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AMCR Institute Enrolls Initial Diabetes Patient for Clinical Trial of First-of-its-Kind Insulin Pump
Study’s New Insulin Pump Feature Aims to Reduce Hypoglycemia, a Critical Step Toward the Development of an Artificial Pancreas
AMCR Institute is recruiting additional volunteers to participate in a clinical trial of the MiniMed Paradigm® System featuring Low Glucose Suspend (LGS) automation, which has been developed by Medtronic, Inc. as an integral part of its Automation to Simulate Pancreatic Insulin Response or ASPIRE project. ASPIRE is being conducted at multiple investigational centers around the US to determine the safety and efficacy of LGS, an advanced feature for the MiniMed Paradigm insulin pump, which also integrates continuous glucose monitoring (CGM) technology to provide the continuous measurement of glucose levels.
The trial is being funded by Medtronic (http://wwwp.medtronic.com), the manufacturer of the MiniMed Paradigm insulin pump and a world leader in advanced diabetes management solutions.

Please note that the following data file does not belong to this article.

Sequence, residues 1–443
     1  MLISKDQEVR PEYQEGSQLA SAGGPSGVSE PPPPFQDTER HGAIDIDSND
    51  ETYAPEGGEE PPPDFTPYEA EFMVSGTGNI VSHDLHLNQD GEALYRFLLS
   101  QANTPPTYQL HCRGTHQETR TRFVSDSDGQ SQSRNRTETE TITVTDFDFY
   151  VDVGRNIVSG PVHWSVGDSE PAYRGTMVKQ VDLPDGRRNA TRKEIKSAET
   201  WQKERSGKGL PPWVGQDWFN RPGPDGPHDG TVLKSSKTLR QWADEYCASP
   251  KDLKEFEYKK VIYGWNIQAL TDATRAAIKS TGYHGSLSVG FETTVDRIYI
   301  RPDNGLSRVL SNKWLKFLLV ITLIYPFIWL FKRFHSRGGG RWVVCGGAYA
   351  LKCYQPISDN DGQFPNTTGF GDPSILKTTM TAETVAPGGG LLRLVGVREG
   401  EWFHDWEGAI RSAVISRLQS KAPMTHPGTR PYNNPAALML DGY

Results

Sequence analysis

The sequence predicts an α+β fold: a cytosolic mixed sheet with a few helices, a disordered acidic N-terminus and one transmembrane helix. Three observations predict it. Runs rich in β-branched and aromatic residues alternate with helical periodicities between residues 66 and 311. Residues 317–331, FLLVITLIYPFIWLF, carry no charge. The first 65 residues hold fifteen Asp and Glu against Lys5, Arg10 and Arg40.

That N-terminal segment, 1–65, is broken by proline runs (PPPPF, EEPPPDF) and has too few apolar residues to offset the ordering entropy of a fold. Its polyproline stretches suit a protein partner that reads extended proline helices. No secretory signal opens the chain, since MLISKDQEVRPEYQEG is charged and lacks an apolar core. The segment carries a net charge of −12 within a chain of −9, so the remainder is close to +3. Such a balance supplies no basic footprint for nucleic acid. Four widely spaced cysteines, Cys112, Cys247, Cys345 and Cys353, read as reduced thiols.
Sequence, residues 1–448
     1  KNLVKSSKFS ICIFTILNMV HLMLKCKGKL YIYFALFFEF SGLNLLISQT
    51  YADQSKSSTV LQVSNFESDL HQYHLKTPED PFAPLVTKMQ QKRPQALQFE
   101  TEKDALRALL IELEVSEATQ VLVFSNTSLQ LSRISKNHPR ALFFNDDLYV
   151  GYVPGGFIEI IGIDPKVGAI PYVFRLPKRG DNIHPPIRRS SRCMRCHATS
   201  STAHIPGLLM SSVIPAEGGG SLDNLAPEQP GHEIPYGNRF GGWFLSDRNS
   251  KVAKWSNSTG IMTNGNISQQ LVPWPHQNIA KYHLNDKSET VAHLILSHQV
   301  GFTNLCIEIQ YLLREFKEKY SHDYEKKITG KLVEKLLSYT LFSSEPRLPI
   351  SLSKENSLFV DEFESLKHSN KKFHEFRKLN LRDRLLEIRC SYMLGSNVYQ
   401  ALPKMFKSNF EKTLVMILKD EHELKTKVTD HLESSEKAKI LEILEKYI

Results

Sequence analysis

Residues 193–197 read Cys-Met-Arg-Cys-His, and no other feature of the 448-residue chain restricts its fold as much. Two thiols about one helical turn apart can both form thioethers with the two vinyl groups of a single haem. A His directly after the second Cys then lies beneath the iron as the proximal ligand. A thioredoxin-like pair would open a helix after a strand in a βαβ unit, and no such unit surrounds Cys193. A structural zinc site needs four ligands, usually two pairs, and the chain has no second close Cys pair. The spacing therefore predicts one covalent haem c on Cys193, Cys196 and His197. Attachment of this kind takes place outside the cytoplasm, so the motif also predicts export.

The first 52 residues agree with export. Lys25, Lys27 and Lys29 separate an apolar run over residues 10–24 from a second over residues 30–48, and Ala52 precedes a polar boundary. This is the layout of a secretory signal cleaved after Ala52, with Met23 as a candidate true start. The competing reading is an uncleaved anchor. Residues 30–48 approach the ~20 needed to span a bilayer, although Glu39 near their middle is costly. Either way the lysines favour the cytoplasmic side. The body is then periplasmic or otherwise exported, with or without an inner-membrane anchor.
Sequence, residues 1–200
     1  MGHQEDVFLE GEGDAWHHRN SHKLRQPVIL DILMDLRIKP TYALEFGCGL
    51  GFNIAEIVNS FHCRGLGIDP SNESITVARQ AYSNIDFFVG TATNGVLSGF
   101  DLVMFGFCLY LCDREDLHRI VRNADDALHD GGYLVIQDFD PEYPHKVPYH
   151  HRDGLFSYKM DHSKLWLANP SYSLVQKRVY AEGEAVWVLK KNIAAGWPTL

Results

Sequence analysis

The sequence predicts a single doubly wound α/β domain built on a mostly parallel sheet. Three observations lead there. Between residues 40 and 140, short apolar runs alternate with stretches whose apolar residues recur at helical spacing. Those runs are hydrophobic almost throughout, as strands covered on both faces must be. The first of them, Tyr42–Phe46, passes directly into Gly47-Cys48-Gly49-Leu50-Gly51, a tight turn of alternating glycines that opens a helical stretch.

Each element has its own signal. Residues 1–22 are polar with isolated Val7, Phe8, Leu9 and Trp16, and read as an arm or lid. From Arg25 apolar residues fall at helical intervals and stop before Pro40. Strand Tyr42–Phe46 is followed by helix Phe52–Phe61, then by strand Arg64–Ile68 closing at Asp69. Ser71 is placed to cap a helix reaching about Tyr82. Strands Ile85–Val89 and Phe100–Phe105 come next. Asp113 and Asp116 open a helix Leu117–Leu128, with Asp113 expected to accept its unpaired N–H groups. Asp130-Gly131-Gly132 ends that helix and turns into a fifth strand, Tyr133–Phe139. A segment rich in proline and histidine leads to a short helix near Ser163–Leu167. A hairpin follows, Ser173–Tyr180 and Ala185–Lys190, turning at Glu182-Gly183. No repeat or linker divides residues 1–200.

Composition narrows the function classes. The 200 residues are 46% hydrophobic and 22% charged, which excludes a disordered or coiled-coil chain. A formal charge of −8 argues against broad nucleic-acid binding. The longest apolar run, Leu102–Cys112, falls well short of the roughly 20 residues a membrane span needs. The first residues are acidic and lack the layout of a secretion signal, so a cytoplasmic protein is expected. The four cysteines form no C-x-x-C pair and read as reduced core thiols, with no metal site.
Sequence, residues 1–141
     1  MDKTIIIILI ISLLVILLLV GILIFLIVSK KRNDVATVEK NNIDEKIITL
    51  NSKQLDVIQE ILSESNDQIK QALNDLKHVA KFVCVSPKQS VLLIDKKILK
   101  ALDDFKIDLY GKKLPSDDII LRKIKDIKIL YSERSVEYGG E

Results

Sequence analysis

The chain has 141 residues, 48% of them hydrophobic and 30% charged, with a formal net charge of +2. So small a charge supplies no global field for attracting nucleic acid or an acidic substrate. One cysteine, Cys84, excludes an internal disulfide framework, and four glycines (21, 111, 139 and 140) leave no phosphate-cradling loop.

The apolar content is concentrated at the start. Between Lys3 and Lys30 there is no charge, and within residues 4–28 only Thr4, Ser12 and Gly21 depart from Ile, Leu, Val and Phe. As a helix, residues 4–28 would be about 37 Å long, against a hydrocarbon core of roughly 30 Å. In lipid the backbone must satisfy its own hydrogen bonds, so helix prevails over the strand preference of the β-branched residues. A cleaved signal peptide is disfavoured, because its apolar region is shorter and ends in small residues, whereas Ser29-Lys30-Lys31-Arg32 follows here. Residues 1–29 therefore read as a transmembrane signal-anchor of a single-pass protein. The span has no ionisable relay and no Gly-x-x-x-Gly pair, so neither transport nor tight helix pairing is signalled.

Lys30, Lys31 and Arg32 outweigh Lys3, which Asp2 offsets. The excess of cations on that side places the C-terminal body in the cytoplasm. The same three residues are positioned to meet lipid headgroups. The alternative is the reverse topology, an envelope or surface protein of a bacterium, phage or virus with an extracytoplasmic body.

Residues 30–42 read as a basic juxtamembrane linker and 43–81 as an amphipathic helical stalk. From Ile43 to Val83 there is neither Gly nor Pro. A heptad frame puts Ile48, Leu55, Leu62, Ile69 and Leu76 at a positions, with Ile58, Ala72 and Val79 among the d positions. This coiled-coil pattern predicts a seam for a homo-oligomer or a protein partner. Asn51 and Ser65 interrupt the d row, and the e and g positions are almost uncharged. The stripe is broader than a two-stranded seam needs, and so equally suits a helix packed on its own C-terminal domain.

“This study leads an industry-wide effort to tackle the important challenge of reducing the risk of hypoglycemia even when a person is asleep or unable to react,” said Timothy Bailey, MD, Director of the AMCR Institute and principal investigator of the ASPIRE study. “This is the world’s first and only insulin pump that can automatically shut off the supply of insulin if the patient’s glucose levels drop too low, reducing the duration and severity of hypoglycemia.”
The MiniMed Paradigm System featuring LGS is already available in 50 countries outside the US, but has not yet been approved by the US Food and Drug Administration. Previous generations of insulin pumps combined with CGM have been available in the US since 2003, but this next generation of Medtronic’s MiniMed Paradigm System, with the addition of LGS automation, is a first-of-its-
Hypoglycemia is a common occurrence and a real concern in diabetes management and can result in confusion, unresponsiveness and – in severe prolonged cases – even coma or death. Research has indicated that, on average, a person with diabetes will experience more than one hypoglycemic, or low blood glucose, event every two weeks. In addition, each year nearly one in 14 people with insulin-treated diabetes will experience one or more episodes of severe hypoglycemia.
AMCR Institute is seeking additional volunteers with type 1 or type 2 diabetes for this and other clinical research studies. With offices in Escondido and Temecula, AMCR Institute is a clinical research center focusing on Phase 1 to 3 trials in diabetes. AMCR Institute’s exceptional investigators and professional research coordinators are committed to bringing new treatments to patients. For more information contact AMCR Institute at 877-567-2627 or visit www.amcrinstitute.com.